You can’t merely add an image to a block of text. Instead, you need to create 2 blocks of text: one for prior to the image, and one for after the image. If you’ve made any formatting changes, you’ll need to keep an eye on those to remain consistent. That’s one thing to handle when you wish to add one image, but when you desire to include a number of, it ends up being a big chore.
They even have a basic mage editor where you can crop the image – . MailChimp’s editor is the very best I’ve seen in all of the email marketing platforms I’ve tried. You have access to the underlying code, so you can develop a truly plain email, provided you make a standard design template initially.
MailChimp’s built-in image editor is very effective. You can resize, crop, and add customized text to your images. I miss MailChimp’s email-editing experience (). It would conserve me a little time to have that same experience on ActiveCampaign. But the highly-customizable automations I can develop on ActiveCampaign more than make up for that potential time cost savings.
ConvertKit’s e-mail editing experience is extremely plain, but simple to navigate. Their design templates are limited, which is fine with me, but their e-mail modifying experience is somewhat much easier in that you can develop inline images, and you can develop a totally plain e-mail, and even edit the underlying HTML. If you wish to make some quick edits to some emails in an automation, with ActiveCampaign, it’s troublesome.
I’ll click on an e-mail, and it takes me to the editor for that email. Note that I can’t even Command + Click to open it in another tab. Whether they meant to or not, ActiveCampaign has disabled Command + Click from the automation editor. If I desired to switch backward and forward between numerous e-mails, I would intuitively be inclined open the same automation in different tabs, then open the respective e-mails from each of those tabs.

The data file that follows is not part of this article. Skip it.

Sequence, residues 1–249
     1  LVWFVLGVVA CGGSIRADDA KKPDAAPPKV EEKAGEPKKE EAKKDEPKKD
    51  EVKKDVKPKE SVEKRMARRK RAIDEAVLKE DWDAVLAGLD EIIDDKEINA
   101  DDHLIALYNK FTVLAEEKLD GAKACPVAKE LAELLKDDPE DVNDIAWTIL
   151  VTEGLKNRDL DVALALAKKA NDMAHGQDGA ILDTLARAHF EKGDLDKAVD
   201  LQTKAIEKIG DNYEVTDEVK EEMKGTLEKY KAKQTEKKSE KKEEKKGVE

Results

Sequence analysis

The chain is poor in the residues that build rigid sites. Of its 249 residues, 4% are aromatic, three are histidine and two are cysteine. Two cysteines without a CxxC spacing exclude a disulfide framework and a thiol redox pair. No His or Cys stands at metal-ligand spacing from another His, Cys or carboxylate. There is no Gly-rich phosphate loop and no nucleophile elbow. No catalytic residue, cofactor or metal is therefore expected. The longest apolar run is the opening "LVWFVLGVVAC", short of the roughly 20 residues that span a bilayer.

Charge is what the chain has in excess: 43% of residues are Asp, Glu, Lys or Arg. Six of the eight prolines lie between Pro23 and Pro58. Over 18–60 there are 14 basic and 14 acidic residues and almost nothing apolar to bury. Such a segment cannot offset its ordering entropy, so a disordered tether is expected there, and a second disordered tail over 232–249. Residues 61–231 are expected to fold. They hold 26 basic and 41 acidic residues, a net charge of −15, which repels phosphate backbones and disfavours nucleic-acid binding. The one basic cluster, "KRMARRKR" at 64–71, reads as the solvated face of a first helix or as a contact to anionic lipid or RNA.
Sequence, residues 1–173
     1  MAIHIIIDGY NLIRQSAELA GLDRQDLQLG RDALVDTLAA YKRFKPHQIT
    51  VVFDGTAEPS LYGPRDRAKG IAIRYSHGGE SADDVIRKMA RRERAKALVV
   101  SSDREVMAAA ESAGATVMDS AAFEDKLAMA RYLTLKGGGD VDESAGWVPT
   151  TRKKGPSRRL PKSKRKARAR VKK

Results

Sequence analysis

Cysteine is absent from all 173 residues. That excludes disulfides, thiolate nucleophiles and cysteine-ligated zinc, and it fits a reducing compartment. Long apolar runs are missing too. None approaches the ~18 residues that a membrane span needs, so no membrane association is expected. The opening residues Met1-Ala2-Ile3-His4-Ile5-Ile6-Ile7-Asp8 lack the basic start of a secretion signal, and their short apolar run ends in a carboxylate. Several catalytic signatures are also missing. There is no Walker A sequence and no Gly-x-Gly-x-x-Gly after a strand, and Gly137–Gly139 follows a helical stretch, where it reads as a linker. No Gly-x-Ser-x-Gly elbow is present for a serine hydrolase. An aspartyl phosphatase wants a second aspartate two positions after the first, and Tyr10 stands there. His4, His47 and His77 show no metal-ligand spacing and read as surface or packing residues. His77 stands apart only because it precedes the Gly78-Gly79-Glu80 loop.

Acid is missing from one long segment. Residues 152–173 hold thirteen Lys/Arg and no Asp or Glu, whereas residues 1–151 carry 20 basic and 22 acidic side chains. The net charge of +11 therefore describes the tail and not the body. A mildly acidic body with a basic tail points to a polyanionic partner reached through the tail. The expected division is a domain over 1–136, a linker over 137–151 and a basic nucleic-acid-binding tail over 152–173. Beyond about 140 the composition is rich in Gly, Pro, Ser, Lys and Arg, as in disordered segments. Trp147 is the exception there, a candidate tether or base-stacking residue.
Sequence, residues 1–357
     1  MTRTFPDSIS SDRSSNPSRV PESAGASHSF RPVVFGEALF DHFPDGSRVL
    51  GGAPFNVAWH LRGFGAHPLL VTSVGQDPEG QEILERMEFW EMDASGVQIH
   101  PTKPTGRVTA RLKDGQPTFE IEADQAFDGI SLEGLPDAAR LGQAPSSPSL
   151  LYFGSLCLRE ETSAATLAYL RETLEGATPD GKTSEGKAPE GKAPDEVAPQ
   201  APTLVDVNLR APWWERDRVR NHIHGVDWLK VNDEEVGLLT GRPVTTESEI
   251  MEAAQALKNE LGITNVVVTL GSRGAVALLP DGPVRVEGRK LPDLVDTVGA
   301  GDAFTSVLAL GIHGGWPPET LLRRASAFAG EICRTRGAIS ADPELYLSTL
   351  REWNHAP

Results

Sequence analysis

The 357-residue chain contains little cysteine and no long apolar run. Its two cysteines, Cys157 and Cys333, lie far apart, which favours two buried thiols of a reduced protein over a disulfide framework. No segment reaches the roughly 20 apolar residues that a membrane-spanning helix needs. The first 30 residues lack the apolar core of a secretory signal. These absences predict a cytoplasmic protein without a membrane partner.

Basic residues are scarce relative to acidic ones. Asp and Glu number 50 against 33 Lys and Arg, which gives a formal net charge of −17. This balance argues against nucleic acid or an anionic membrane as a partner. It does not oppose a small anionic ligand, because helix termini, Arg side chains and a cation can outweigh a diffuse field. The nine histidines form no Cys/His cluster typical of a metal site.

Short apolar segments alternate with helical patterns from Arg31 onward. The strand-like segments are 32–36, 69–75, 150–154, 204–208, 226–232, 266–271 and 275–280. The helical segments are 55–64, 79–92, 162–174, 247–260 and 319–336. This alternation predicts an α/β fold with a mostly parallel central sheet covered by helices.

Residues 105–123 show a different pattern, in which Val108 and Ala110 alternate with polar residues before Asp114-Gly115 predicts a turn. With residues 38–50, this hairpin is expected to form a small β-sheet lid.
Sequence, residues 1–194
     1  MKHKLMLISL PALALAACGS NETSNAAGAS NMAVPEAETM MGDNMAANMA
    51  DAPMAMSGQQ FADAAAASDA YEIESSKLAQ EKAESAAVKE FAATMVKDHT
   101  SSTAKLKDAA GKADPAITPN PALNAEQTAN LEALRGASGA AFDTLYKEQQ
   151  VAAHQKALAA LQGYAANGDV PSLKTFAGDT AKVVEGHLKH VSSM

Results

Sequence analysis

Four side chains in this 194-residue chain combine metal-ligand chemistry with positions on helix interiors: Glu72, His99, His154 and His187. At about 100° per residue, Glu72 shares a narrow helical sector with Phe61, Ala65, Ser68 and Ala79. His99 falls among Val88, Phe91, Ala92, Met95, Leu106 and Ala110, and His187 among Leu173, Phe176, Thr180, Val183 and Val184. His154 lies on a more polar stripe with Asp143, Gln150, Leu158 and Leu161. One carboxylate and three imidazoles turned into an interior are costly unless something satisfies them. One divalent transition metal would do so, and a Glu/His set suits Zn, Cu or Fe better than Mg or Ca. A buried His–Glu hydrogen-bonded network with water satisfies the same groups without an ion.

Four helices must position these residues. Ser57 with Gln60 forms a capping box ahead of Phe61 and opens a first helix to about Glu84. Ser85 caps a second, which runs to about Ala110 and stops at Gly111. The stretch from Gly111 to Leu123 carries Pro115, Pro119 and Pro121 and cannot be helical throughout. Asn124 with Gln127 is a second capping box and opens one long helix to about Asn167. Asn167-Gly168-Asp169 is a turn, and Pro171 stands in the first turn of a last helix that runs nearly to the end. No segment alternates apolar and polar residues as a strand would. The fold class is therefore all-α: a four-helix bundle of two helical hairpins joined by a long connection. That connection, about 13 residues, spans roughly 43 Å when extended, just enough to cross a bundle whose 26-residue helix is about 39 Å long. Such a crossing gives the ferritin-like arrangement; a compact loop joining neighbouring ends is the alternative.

In the Automations area, there’s a “Manage Messages” location. From here, you can see all of the messages in each of your automations. You can modify each one, or you can Command + Click to open each in a new tab to more quickly edit your entire series. . Contrast that with ConvertKit’s Sequences.
Again, it would save me a great deal of time to have ConvertKit’s automation email modifying experience on ActiveCampaign – . However choosing an email marketing platform resembles choosing a spouse. ActiveCampaign makes up for it with their Message Variables, more robust automations, and advanced segmentation. Mentioning division, another reason I switched from MailChimp to ActiveCampaign was that MailChimp has restricted segmentation alternatives.
You can integrate characteristics with an AND/OR operator, and you can mix and match those groups of traits with another AND/OR operator. With MailChimp, you can only section by AND/OR, nevertheless MailChimp’s Pro plan allows more advanced segmenting, for an extra $199 a month. In my search for the ideal e-mail marketing platform, I saw lots of others, a few of which I’ve already discussed.
ConvertKit. If I weren’t on ActiveCampaign, I would most likely be using ConvertKit. Their automations are much easier to develop, though they aren’t as versatile as ActiveCampaign’s, and their segmentations choices aren’t as advanced either. They likewise do not have goal tracking, or Message Variables. MailChimp. You currently know that I changed from MailChimp to ActiveCampaign.